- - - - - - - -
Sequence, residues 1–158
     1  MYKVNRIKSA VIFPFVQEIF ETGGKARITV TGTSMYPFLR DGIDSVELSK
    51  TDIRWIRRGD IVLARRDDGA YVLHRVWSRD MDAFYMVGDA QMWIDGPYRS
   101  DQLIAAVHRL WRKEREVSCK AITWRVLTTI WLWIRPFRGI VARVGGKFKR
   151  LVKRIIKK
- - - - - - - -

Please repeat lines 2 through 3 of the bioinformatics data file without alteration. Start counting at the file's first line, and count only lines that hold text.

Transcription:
     1  MYKVNRIKSA VIFPFVQEIF ETGGKARITV TGTSMYPFLR DGIDSVELSK
    51  TDIRWIRRGD IVLARRDDGA YVLHRVWSRD MDAFYMVGDA QMWIDGPYRS